Gifted children in the current policy and fiscal context of public education: A national snapshot and state-level equity analysis of texas

Bruce D. Baker

Research output: Contribution to journalArticlepeer-review

25 Scopus citations


Should we be concerned if educational resources for gifted and talented children vary widely from school to school, district to district, or state to state? Does it matter whether those resources are distributed unevenly by race or social class? This article begins by addressing the basic underlying question: Do gifted and talented children require supplemental resources at all? Two alternate theoretical perspectives are discussed. Under one, the standards-based cost function, there is no need to provide supplemental resources to gifted children, whereas under the alternative resource-cost model, there may be a reasonable need. Accepting the resource-cost model assumption that gifted children do require supplemental resources, this article then explores the distribution of gifted and talented programming opportunities across a national sample of students (The National Educational Longitudinal Study of 1988) and the distribution of fiscal and human resources to gifted education within the Texas, a state long considered a national leader in gifted education. National results show that Hispanic and Native American students are less likely to have access to gifted programs in the eighth grade than Asian/Pacific Island students. Also, students in the lowest socioeconomic status (SES) quartile are far less likely than students in the highest two SES quartiles to have access to eighth-grade gifted and talented programs. Students in districts that are large or suburban, or both, are more likely than those in urban districts to have access, and students in Southern and Western states far more likely to have access than those in the Northeast. Texas results show substantial variance (CV = 125%) in spending per gifted pupil across districts. They further show that district level fiscal resources and community economic characteristics influence spending and the availability of specialized personnel.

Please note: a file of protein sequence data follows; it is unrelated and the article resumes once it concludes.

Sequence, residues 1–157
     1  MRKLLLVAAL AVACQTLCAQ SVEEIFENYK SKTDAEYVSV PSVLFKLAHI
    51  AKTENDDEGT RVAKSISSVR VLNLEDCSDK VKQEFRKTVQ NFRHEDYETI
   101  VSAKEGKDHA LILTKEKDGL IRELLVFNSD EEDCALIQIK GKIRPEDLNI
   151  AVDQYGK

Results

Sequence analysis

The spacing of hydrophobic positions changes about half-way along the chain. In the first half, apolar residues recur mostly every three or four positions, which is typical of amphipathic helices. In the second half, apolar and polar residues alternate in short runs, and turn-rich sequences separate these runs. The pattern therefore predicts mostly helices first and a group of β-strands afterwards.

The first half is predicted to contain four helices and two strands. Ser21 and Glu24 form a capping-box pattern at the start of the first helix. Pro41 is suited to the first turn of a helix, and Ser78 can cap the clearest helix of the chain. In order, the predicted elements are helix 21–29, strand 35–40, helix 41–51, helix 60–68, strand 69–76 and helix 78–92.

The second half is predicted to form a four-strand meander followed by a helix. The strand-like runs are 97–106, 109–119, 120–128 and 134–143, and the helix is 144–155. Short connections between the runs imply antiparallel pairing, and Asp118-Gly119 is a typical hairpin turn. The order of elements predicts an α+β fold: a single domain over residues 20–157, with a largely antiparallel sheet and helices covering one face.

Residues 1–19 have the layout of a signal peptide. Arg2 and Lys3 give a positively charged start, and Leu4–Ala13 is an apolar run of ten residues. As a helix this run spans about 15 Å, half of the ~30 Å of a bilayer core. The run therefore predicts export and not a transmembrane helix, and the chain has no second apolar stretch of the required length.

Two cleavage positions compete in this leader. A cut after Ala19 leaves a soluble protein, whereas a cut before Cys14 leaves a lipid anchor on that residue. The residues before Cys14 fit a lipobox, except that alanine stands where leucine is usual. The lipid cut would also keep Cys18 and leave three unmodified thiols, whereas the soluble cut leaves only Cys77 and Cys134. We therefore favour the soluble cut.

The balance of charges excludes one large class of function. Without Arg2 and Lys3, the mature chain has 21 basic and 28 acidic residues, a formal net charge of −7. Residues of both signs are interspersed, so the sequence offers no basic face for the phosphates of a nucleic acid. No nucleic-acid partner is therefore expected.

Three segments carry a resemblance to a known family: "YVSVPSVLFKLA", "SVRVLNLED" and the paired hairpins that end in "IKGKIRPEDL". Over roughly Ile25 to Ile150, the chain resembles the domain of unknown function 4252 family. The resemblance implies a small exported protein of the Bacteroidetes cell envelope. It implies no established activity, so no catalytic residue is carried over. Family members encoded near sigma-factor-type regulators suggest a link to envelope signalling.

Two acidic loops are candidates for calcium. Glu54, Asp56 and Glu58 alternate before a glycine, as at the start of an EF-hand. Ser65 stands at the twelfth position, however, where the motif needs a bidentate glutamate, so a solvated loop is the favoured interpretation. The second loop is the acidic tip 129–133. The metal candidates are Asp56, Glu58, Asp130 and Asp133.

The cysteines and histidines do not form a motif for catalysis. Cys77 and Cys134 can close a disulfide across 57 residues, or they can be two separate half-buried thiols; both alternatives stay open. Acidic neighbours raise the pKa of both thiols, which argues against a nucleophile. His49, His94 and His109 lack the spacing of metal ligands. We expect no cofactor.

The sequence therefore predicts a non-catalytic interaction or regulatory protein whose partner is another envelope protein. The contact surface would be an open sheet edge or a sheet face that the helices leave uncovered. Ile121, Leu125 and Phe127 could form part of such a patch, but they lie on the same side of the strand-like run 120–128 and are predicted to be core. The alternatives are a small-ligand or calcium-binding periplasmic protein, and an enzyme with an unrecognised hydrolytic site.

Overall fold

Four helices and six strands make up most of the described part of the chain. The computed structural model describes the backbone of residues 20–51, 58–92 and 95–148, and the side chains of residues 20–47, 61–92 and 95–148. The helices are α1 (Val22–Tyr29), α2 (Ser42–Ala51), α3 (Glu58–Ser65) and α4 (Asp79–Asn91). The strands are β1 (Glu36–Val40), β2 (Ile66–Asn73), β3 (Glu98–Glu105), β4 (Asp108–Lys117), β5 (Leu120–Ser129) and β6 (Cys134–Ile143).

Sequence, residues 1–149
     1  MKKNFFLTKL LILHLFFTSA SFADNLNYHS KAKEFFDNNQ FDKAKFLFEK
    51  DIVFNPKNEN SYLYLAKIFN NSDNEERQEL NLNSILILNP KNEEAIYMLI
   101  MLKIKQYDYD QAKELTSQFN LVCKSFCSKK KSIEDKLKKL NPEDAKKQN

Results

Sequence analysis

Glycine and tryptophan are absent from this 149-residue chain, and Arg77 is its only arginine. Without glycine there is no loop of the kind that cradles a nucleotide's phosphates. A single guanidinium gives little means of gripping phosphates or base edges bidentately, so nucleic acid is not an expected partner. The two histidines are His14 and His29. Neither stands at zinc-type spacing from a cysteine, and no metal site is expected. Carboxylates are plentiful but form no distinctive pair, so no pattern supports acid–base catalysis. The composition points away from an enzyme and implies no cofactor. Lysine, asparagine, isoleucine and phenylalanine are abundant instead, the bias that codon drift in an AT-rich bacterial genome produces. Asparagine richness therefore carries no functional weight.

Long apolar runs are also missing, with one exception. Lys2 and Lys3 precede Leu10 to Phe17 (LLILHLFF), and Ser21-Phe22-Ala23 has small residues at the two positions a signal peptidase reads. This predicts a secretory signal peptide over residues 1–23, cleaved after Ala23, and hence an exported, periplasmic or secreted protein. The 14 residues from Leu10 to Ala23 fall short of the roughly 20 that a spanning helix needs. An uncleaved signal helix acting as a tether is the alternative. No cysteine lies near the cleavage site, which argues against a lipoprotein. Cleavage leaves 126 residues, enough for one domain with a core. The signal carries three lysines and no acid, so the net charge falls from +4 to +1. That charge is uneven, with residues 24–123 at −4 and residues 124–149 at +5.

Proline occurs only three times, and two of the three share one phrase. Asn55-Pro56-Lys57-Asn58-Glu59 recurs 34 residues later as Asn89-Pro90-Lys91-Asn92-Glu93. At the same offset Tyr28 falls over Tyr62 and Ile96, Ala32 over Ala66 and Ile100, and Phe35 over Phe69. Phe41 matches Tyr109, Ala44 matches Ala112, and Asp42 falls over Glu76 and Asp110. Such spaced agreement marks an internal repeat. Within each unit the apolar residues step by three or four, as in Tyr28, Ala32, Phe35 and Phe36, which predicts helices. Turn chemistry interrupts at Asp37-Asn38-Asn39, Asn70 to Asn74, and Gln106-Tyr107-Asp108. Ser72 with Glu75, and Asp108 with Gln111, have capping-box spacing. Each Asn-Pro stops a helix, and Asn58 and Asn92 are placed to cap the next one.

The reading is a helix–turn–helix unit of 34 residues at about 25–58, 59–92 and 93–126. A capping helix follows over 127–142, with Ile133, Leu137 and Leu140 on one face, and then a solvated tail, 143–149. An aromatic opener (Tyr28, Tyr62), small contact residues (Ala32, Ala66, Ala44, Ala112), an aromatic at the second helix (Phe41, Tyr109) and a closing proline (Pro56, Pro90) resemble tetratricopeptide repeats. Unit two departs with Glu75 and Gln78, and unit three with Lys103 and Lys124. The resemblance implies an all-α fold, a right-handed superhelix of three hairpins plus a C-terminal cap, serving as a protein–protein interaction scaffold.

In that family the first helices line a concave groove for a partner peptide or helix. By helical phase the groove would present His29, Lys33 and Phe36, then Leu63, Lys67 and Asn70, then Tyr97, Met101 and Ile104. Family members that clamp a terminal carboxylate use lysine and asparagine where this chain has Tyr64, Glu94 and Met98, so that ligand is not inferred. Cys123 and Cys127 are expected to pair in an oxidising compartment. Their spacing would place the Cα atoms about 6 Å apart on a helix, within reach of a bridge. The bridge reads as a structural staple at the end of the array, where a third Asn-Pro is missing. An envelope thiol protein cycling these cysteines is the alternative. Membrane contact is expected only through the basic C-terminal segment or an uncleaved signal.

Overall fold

Original languageEnglish (US)
Pages (from-to)229-250
Number of pages22
JournalEducational Evaluation and Policy Analysis
Issue number3
StatePublished - 2001
Externally publishedYes

All Science Journal Classification (ASJC) codes

  • Education


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